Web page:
Cederberg awarded nation's top police honor
By Aubrey Wieber
Oregon Capital Bureau reporter
Oregon State Police Trooper Nic Cederberg, a Newberg resident, stood in the White House on May 22 as President Donald Trump adorned his neck with the nation's highest honor for his profession.
On the other side of the country at state police headquarters, more than 20 of his colleagues and Superintendent Travis Hampton watched a live feed as Cederberg received the National Public Safety Officer Medal of Valor.
The room was silent as Trump read a citation recounting Cederberg's heroism, save for the squeaking of ballistic vests and equipment as officers squirmed in their chairs. Then, a group exclamation of "Yeah!" as the room filled with applause.
Cederberg, the first Oregon recipient of the award and a seven-year veteran of the OSP, remained largely off camera during the ceremony, but was stoic when Trump placed the medal around his neck.
The department nominated him in July 2017, but assumed he hadn't made the cut when the agency didn't hear back. Last week, word came that he indeed would be honored.
"I was amazed, extremely honored for him," Hampton said of finding out.
Christmas night 2016 changed Cederberg's life forever. He was the lone trooper patrolling Washington County when a call came for law enforcement to be on the lookout for a white Mitsubishi. The car's driver, James Tylka, had shot and killed his wife in front of his parents' King City home 20 minutes earlier.
Cederberg spotted the car, turned on his police lights and gave chase as the Mitsubishi drove away at high speeds. The chase ended on a dead-end road in rural Sherwood. Tylka turned his car around and rammed into Cederberg's patrol car head on.
The two men opened their doors and exchanged gunfire. Cederberg was struck in the hip and knocked to the ground but kept shooting, despite being hit a dozen times.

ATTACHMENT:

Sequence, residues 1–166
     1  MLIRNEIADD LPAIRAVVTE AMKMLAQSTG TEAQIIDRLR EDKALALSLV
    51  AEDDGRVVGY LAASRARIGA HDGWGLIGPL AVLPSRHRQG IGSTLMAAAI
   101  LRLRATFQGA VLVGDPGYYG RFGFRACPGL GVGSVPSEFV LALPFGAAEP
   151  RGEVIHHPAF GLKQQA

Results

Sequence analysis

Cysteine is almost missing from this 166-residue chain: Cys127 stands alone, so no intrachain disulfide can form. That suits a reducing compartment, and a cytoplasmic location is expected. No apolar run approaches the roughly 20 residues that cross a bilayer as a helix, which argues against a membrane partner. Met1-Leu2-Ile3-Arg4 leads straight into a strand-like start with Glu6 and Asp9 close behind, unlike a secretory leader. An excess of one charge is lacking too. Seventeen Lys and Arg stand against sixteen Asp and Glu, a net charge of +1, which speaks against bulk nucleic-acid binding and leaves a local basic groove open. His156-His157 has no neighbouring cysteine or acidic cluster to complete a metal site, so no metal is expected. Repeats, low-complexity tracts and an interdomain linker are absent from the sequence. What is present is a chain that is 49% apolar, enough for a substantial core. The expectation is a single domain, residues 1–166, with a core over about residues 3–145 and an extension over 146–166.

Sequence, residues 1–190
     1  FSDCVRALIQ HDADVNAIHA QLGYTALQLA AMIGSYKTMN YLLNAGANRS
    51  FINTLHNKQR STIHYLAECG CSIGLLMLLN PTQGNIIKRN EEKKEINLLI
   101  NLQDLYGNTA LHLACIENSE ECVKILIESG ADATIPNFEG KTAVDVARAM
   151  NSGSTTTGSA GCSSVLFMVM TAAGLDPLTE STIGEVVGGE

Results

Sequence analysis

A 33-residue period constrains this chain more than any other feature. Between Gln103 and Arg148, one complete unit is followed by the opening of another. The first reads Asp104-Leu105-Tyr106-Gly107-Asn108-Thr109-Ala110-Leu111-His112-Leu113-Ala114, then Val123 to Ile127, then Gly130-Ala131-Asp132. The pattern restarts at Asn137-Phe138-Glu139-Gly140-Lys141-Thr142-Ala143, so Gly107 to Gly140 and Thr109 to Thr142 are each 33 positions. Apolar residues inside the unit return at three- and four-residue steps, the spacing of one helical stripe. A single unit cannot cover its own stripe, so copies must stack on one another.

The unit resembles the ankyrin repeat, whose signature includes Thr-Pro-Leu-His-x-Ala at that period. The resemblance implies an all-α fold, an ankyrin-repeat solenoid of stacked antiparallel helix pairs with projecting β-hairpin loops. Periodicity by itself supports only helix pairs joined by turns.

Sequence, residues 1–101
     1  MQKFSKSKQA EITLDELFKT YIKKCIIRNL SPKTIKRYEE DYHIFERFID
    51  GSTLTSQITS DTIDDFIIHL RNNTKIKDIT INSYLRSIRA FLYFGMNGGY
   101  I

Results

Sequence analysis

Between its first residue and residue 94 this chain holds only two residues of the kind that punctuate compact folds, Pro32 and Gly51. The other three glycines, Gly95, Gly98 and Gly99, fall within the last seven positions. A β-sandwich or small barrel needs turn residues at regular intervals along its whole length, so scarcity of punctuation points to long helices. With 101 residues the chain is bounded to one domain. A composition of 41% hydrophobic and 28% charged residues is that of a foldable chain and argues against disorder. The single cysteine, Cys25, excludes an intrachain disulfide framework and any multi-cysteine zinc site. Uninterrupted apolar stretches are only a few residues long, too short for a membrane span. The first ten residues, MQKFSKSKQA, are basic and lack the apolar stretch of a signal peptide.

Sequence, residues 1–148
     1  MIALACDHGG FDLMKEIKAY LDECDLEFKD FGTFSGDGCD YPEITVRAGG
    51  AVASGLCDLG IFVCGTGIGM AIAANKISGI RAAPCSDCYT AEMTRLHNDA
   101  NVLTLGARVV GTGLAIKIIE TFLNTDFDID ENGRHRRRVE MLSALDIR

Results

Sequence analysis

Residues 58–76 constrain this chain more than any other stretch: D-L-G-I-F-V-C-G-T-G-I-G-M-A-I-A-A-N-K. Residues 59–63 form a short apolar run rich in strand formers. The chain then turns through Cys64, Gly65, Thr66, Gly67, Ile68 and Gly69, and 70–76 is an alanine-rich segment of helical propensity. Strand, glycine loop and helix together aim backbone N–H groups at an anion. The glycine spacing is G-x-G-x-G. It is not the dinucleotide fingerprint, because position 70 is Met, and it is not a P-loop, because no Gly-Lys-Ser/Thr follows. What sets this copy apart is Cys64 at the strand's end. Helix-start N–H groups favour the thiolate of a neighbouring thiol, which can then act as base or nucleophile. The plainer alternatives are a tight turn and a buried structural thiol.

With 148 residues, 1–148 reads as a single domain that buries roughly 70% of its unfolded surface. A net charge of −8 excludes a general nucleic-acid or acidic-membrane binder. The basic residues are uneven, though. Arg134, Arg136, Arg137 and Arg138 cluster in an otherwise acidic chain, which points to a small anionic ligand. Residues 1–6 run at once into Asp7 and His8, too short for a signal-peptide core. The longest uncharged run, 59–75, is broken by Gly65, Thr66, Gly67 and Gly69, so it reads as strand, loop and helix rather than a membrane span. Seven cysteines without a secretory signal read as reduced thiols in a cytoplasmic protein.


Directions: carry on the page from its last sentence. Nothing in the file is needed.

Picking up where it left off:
A wounded Tylka ran into the woods. About 15 minutes later, officers from three nearby agencies arrived and opened fire on the gunman, who shot himself.
Over the next two years Cederberg worked to physically and mentally recover from the traumatic night, OSP Capt. Tim Fox said.
Fox started to get to know Cederberg shortly before the shooting, but the two have become close friends since. He teared up as Cederberg was recognized, saying "I've really grown to know and love Nic more than I thought I could."
In November, Cederberg filed a $30 million federal lawsuit against Washington County's 9-1-1 system. According to the lawsuit, when dispatch put out a call to all law enforcement, dispatchers didn't share on all channels information that Tylka was armed and suicidal. They also didn't tell officers that Tylka had just killed his wife.
In his lawsuit, Cederberg said he wouldn't have pursued Tylka if he had that information.
Although Cederberg was honored with 11 other men, two posthumously, the award is rare. Since its creation in 2001, generally only a handful of officers are given the Medal of Valor each year. Since 2001, public safety officials have been honored for responding to 84 events.
"It's not necessarily even the events that happened that night, it's the grit, the determination and the resilience he's shown since then," Fox said "His attitude and his desire to strive, or thrive, it's amazing. So that's really where I believe he deserves this medal."
Fox said Cederberg was always an enthusiastic and aggressive trooper, traits he looks to quell a bit in young officers, but in this situation that mentality worked to Cederberg's benefit.
"Our job is to keep people safe and stand watch for the wolves at our door," Fox said. "Nic was one who took that challenge with the utmost respect. He took that and he did it. He was never one to back down from a challenge, never drive slow to a call."
Cederberg spent 48 days in the hospital and continues to recover from the event. He remains on medical leave from the OSP. It is not clear if he will return to duty, Fox said.
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